MOSCOW, March 14 (RIA Novosti) – The first launch of Russia's new Soyuz-2.1V lightweight carrier rocket, scheduled for early 2013, is now likely to be delayed until the second half of 2013, its maker Progress said on Thursday.
“The first launch of the Soyuz-2.1V rocket has been preliminarily scheduled for the second half of this year,” Progress design bureau's general director Alexander Kirilin said, without specifying the reasons for the delay.
Russia originally planned to launch the first Soyuz-2.1V in October but that was postponed after a failed ground test of its first-stage engines in August, Progress said.
Last December, the commander of Russia's Aerospace Defense Forces, Maj.Gen. Alexander Golovko, said the first Soyuz 2.1V launch would take place at the start of 2013.
The new rocket is a modernized version of the Soyuz-2.1B, from which the Soyuz rocket's trademark four external booster rockets have been removed. The first stage is equipped with a rocket engine derived from the legendary NK-33, according to the Plesetsk cosmodrome website. The NK-33 was developed in the 1970's to carry Soviet cosmonauts to the moon onboard the giant N1 rocket.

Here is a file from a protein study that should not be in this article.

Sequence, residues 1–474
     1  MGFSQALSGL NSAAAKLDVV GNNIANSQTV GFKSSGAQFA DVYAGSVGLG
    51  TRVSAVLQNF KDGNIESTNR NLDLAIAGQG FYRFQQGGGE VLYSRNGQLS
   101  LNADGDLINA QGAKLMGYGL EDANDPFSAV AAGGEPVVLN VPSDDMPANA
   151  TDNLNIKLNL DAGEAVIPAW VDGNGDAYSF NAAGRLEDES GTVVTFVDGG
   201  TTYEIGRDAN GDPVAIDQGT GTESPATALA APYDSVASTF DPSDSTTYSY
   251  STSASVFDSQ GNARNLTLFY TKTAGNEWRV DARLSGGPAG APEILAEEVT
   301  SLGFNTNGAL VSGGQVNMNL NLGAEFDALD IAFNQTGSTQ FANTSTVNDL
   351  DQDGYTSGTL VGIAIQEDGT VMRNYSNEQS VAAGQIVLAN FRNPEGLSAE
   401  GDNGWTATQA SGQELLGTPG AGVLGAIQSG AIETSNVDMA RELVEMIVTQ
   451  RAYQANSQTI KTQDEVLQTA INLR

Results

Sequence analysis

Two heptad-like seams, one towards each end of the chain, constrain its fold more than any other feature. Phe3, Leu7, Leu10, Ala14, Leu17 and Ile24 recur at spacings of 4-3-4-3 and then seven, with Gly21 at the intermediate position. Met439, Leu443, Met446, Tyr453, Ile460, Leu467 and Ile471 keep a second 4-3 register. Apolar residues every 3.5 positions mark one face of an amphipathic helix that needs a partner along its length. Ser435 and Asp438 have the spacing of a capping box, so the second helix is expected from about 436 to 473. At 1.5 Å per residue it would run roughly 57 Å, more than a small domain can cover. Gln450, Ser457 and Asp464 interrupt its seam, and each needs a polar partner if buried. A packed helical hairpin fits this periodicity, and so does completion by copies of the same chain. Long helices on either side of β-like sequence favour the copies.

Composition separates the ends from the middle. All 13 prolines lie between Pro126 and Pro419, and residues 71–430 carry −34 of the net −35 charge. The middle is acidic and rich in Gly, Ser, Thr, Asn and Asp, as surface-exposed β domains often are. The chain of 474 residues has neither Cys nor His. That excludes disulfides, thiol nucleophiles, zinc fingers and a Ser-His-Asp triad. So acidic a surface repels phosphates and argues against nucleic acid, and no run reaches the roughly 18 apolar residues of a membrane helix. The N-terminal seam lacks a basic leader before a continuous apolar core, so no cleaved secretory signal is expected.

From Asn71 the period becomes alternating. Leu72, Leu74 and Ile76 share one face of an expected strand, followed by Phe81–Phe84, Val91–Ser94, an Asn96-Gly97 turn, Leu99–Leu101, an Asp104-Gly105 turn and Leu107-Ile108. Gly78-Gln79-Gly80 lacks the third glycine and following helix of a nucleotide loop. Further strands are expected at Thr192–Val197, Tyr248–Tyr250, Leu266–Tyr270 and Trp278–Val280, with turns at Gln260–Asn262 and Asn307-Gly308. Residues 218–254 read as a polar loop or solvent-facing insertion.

The rocket is capable of delivering a payload of up to 2.85 tons (6,300 lb) to an orbit at an altitude of 200 kilometers (120 miles), Progress claims.
Soyuz-2.1V launches may be carried out from upgraded launch pads at the Plesetsk Space Center in northwestern Russia and the Baikonur Space Center in Kazakhstan.